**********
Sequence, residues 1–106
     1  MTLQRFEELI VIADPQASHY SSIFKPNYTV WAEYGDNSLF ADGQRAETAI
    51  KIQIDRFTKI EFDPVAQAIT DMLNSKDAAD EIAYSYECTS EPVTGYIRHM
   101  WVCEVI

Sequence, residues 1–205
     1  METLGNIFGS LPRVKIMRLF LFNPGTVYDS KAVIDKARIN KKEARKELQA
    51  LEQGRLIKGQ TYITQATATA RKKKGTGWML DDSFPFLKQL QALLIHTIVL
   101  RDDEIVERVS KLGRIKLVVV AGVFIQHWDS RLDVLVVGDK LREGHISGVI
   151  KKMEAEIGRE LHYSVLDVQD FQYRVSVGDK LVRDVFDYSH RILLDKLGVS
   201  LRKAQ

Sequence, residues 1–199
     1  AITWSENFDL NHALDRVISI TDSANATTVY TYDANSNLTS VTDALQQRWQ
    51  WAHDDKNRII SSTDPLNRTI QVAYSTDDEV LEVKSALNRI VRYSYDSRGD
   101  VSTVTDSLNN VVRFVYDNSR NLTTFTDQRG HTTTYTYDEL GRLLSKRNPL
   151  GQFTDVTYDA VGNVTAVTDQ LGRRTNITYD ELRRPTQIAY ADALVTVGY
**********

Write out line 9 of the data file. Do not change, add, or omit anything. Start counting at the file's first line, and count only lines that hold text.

   151  KKMEAEIGRE LHYSVLDVQD FQYRVSVGDK LVRDVFDYSH RILLDKLGVS